In "Santa Claus Is Comin' to Town," Kris Kringle doesn't say his first line until eight minutes into the film. The father of the family where Santa Claus leaves toys in stockings looks just like the king in the book Tante Kringle reads, which explains why the Kringle family makes toys. This aired on TV on ABC and ABC Family, sometimes as specials with commercials.

Burgess Meredith, who played the Penguin in the 1966 "Batman" series for television, was asked to play the Penguin's father in the opening of the film, "Batman Returns." He was ill, however, so he couldn't do it. Danny DeVito was advised by Jack Nicholson, who did quite well in the first "Batman," to take the role of Penguin. Michelle Pfeiffer went through 60 catsuits during the 6-month shoot.

Julia Roberts turned down the role of Lucy Moderatz in "While You Were Sleeping." Roberts was enjoying the success of "Pretty Woman," so she seemed like an obvious pick. Sandra Bullock was lucky Roberts turned it down! Sandra Bullock was also the first cast member to join the film. Ben Folds references this movie in his song, "From Above."

Originally in "The Bishop's Wife," Cary Grant played the Bishop and David Niven played the Angel. When William A. Seiter left the film, Henry Koster replaced him and saw what had been shot so far. He thought that the two were in the wrong roles. Cary Grant eventually conceded and accepted the role as the Angel. The name of the dog in the film is Queen.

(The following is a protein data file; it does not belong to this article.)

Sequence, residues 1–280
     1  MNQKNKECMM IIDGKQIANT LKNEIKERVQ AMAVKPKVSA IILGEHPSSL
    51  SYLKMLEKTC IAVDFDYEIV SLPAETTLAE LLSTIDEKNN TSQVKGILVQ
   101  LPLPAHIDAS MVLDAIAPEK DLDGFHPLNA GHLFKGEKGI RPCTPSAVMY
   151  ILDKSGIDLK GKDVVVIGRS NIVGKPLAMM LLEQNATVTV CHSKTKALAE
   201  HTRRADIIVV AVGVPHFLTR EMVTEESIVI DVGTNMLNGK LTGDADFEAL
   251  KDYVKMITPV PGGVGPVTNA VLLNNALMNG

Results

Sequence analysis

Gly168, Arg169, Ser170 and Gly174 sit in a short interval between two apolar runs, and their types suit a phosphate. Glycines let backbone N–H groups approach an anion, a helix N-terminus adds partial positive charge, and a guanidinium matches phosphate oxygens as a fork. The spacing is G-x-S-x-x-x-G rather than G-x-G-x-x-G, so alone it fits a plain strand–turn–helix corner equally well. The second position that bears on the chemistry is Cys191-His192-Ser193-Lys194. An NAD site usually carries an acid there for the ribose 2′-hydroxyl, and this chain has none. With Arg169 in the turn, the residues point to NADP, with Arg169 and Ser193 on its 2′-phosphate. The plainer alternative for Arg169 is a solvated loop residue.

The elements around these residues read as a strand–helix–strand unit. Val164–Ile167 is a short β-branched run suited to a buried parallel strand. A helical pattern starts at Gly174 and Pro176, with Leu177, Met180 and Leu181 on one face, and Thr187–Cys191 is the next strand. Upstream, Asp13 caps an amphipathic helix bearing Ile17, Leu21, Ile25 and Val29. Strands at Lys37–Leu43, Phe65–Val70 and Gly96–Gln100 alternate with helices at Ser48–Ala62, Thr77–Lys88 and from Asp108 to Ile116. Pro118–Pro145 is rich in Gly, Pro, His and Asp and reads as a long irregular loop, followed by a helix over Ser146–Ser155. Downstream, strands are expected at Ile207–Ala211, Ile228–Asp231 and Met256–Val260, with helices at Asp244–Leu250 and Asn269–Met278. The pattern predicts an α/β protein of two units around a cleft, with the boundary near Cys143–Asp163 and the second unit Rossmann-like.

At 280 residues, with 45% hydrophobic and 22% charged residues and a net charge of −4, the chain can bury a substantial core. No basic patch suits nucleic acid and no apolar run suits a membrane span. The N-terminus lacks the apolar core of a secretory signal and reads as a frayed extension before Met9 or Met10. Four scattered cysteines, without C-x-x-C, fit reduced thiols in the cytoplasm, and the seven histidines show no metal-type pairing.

The movie is "The Snowman." The first ever snowman documented was in the illustration from a work entitled "Book of Hours," back in 1380 - and it was found in Koninklijke Bibliotheek in The Hague. The biggest snowman of all time - actually, a snowwoman - was created in Bethel, Maine, in 2008. The snowwoman was a whopping 122 feet tall and was called Olympia, to honor the US Senator representing the state of Maine, Olympia Snowe.

"It's a Wonderful Life" all began with a Christmas card. After years of trying to sell producers on his short story, "The Greatest Gift," Philip Van Doren Stern decided instead to send out 200 copies of his 21-page story as Christmas cards. RKO found it and decided to produce it.

The film "Scrooged" marked Bill Murray's return to film. "Scrooged" was Murray's first major role following his self-imposed four year hiatus from Hollywood. Richard Donner said many of Murray's lines were ad-libbed. He described directing Murray as, "It's like standing on 42nd street and Broadway, and the lights are out, and you're the traffic cop."

Bing Crosby and Danny Kaye's comedy act, "dressed up like a dame," wasn't in the original script. But one day they were goofing around and the director Michael Curtiz thought it was so funny, he wrote it into the movie. This film marks the third time that Bing sang "White Christmas." It was originally performed on the radio show, "The Kraft Music Hall," and then in a 1942 classic called "Holiday Inn."